This builds a loyal subscriber base and encourages paid memberships.

Engagement ideas are limited only by the imagination.

Quizzes, prize draws, birthday shout outs, surveys and polls, all serve to strengthen the bond between publisher and reader and make the newsletter a habit.

Editors should develop a voice that connects with readers and engages on a different and more personal level than simply the feeding of news content.

Readers want to be led to the important news with insight and advice and this develops loyalty and trust.

5 - Monetize

There are many ways to monetize a local news newsletter.

Paid memberships: Offering exclusive content and special offers to subscribers can encourage them to become paid members, which provides a steady stream of revenue for the newsroom.

Newsletter Journal, a print newspaper in Weston County, Wyoming, runs banner advertising for a local bank in its free weekly newsletter.

Advertising and sponsorships: Advertisers and sponsors are becoming increasingly interested in newsletters because they offer accurately targeted and engaged audiences. Even relatively small audiences are of interest.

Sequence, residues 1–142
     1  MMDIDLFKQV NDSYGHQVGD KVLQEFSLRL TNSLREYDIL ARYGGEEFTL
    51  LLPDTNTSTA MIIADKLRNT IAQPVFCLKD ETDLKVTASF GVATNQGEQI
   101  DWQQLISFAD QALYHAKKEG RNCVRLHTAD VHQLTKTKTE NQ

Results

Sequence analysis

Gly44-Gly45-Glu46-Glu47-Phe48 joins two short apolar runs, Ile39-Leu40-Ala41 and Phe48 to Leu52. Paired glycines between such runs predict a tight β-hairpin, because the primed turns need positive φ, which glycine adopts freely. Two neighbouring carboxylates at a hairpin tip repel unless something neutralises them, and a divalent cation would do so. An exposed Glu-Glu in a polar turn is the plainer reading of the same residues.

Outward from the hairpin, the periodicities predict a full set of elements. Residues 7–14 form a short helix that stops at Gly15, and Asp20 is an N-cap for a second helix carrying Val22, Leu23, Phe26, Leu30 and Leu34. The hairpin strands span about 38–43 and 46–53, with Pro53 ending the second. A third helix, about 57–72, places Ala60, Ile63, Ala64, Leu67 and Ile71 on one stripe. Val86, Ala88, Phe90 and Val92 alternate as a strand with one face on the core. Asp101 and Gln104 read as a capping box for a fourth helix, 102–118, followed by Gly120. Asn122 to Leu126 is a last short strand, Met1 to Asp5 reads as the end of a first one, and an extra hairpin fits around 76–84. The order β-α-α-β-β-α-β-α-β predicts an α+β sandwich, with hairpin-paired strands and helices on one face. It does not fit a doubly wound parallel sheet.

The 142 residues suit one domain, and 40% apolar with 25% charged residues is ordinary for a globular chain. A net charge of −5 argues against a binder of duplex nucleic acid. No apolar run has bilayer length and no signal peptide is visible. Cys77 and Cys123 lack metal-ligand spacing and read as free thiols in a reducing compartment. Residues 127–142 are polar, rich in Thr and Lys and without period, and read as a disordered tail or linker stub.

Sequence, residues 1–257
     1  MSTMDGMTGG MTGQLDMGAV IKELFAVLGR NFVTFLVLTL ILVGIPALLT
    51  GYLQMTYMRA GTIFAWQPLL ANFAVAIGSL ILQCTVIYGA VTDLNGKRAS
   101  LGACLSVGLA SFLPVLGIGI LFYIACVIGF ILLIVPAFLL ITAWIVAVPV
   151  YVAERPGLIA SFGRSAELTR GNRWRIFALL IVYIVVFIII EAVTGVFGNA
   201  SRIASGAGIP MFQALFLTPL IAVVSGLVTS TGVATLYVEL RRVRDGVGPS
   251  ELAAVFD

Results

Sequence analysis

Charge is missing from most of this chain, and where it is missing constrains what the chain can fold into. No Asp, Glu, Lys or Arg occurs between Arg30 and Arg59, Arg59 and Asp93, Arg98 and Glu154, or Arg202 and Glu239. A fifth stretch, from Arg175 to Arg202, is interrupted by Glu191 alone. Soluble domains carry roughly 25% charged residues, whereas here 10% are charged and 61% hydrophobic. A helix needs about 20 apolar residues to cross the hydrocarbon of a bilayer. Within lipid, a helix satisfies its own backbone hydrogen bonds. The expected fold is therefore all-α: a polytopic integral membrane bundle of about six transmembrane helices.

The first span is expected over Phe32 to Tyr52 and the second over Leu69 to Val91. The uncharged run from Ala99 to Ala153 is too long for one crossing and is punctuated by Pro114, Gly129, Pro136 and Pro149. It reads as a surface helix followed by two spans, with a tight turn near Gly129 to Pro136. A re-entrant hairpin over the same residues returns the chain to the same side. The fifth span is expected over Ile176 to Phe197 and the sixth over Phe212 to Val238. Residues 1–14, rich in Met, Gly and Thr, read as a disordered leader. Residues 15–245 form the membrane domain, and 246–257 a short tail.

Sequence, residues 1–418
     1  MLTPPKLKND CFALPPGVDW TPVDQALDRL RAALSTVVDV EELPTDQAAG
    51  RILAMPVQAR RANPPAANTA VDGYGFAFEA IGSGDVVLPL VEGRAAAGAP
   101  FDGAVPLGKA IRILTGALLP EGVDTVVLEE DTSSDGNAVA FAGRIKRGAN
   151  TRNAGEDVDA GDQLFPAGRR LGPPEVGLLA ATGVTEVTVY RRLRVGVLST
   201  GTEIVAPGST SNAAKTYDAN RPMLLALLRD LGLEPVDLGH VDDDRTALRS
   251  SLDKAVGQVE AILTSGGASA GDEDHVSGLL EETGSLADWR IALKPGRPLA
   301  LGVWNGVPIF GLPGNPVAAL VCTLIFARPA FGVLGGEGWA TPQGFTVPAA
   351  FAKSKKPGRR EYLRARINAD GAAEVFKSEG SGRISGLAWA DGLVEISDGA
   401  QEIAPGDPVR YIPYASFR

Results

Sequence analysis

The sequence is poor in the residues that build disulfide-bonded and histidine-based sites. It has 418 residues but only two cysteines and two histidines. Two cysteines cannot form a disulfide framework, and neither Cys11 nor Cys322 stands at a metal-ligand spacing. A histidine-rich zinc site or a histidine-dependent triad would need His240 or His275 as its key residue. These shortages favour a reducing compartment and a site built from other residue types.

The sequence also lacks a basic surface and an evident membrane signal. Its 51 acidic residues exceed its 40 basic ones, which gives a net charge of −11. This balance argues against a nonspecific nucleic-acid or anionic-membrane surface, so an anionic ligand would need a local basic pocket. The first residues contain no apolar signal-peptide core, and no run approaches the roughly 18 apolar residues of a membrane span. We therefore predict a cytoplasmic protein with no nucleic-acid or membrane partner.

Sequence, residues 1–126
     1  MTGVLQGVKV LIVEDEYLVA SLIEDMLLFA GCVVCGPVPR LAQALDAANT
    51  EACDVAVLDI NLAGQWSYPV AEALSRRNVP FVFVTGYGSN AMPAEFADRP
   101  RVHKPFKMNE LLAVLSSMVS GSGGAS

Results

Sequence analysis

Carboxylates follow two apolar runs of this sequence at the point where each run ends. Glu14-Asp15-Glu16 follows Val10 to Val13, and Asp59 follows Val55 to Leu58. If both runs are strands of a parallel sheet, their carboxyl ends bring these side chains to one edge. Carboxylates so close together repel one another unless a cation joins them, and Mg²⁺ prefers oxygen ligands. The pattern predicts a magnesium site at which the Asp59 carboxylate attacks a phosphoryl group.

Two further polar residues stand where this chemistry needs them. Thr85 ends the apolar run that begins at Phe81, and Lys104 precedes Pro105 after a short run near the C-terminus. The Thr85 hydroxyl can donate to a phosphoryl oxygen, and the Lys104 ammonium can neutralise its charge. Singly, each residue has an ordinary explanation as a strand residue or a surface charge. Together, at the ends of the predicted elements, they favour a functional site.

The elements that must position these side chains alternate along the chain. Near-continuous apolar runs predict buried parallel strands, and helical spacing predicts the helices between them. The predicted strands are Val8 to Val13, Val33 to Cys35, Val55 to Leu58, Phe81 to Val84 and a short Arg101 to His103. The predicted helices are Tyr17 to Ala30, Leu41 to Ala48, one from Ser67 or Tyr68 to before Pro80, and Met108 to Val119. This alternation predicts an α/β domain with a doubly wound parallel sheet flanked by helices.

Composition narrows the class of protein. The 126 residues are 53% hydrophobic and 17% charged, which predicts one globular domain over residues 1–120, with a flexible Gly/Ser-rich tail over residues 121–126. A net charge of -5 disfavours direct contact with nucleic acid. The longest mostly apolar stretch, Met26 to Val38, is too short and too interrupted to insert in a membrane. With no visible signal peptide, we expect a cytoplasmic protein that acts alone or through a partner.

Affiliate marketing: By promoting affiliate products or services in the newsletter, local news publishers can earn a commission on any sales generated through the newsletter.

Premium content: Offering premium content, such as behind-the-scenes access or special reports, to subscribers for an additional fee can generate additional revenue.

Partner event promotions: By promoting events, such as workshops or webinars, newsletters can generate shared revenue from ticket sales.

E-commerce: By offering products, such as books or merchandise, further revenue can be generated.

By using existing editorial resources and an off-the-shelf platform, a local email newsletter can be launched for under $5,000.

The variety of revenue generating options makes it difficult to generalise on potential returns, but given such low costs, they can be very profitable.

6 - Analyse and optimise

The starting point for analysing performance is tracking and maintaining a watching brief over newsletter analytics and metrics. An off-the-shelf platform can provide good enough basic data.

Comparing open rates over time is a top metric to follow, showing what type of content is winning with the audience, and what subject lines attract the most interest.

The ability of the newsletter format to be a testing vehicle to achieving optimum engagement gives it a significant advantage over a print newspaper.

Editors can try new things, record impact and respond with more of the same or something different, in a virtuous loop of publisher-reader development.

Subscribe to Champion Newsletters

Don’t miss out on the latest issues. Sign up now to get access to the library of members-only issues.